but because of the high speed and thus low unit cost of other methods (e. the process is quick and easy (relative to manual control) due to the machine's ability to constantly track the relationship of the tool position and spindle position (called "spindle synchronization"). Today engine lathes and CNC lathes are the commonly used machines for single-point threading.. CNC software includes "canned cycles". Thread milling A diagram of a solid single-form thread cutting tool A solid multiple-form thread milling cutter. tool offset.g.. tapping. .[7] if an unusual or unique thread is required. that obviate the manual programming of a single-point threading cycle. that is.g. and thread rolling and forming). On CNC machines.g.[6] Parameters are entered (e. preprogrammed subroutines. and change gears was the technological advance that allowed the invention of the screw-cutting lathe.. slide rest.The coordination of various machine elements including leadscrew.[7] or if there is a need for very high concentricity with other part features machined during the same setup[8]). and the machine does the rest. if only a few threads need to be made. length of thread). die threading. which was the origin of single-point threading as we know it today. thread size. All threading could feasibly be done using a single-point tool. single-point threading is usually only used when other factors of the manufacturing process happen to favor it (e.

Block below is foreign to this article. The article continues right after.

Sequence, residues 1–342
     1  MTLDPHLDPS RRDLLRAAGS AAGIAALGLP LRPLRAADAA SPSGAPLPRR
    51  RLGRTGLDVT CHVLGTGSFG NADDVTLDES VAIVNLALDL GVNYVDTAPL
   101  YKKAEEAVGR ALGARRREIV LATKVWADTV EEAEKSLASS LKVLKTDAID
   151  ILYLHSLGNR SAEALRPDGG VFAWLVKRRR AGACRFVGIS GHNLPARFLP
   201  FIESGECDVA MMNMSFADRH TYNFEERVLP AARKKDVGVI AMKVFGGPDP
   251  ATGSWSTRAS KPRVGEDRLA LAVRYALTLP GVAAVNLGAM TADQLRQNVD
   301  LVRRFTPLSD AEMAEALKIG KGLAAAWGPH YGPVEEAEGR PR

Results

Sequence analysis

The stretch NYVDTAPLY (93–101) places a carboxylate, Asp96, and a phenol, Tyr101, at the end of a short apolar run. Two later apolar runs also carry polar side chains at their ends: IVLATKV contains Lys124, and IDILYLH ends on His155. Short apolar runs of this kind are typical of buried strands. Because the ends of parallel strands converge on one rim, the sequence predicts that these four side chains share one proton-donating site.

and that a left. This process is mainly used on threads larger than 1. Form-milling uses either a single. with the first not being to the full thread depth. There are various types of thread milling. called thrilling. for large.[11] The part is usually a stationary workpiece. for the "arms" and "mouth" of the hydrant).[10] Another variant of form-milling involves holding the cutter's axis orthogonally (no canting to the thread's helix angle) and feeding the cutter in a toolpath that will generate the thread. less tool breakage.or right-hand thread can be created with the same tool. it became much more common. A similar variant using a multiple-form cutter exists. The toolpath is achieved either using helical interpolation (which is circular interpolation in one plane [typically XY] with simultaneous linear interpolation along a third axis [typically Z].The path a multiple-form thread cutting tool travels to create an external thread. or in two passes. such as a boss on a valve body (in external thread milling) or a hole in a plate or block (in internal thread milling). the CNC control model must be . and it was suitable for mass-production work although uncommon in job-shop work.5 in (38 mm). the single-form cutter is tilted to the helix angle of the thread and then fed radially into the blank. or single-pointing. die heads.or multiple-form cutter. The blank is then slowly rotated as the cutter is precisely moved along the axis of the blank. are faster cycle times. This was formerly arranged mechanically. fast. With the widespread dissemination of affordable. It is commonly used to cut large-lead or multiple-lead threads. including several variants of form-milling and a combination of drilling and threading with one cutter. Some advantages of thread milling. Using a multiple-form cutter is faster than using a single-form cutter but it is limited to threads with a helix angle less than 3°. as opposed to rigging it up for rotation around the axis of each set of threads (that is. The cutter must be longer than the desired thread length. but the cutter and toolpath are arranged specifically to define the "contour" of a thread. which cuts the thread into the blank. as compared to single-point cutting or taps and dies. In one variant of form-milling. and today internal and external threads are often milled even on work where they would formerly have been cut with taps. it is simply easier to let the workpiece sit stationary on a table while all needed machining operations are performed on it with rotating tools. awkward workpieces (such as a fire hydrant casting). if the cutter is fed to the full thread depth. It is also limited to blanks of a substantial diameter and no longer than 2 in (51 mm). precise CNC. in which the process completes the thread in one revolution around the blank. This type of thread milling uses essentially the same concept as contouring with an endmill or ball-nose mill.[9] Additionally. This can be done in one pass. Threads may be milled with a rotating milling cutter if the correct helical toolpath can be arranged.